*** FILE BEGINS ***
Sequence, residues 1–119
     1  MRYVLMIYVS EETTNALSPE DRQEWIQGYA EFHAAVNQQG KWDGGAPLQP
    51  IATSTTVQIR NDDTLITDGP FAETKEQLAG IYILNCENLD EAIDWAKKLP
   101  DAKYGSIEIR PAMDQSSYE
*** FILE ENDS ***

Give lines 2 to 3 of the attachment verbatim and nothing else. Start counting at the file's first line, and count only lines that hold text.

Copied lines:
     1  MRYVLMIYVS EETTNALSPE DRQEWIQGYA EFHAAVNQQG KWDGGAPLQP
    51  IATSTTVQIR NDDTLITDGP FAETKEQLAG IYILNCENLD EAIDWAKKLP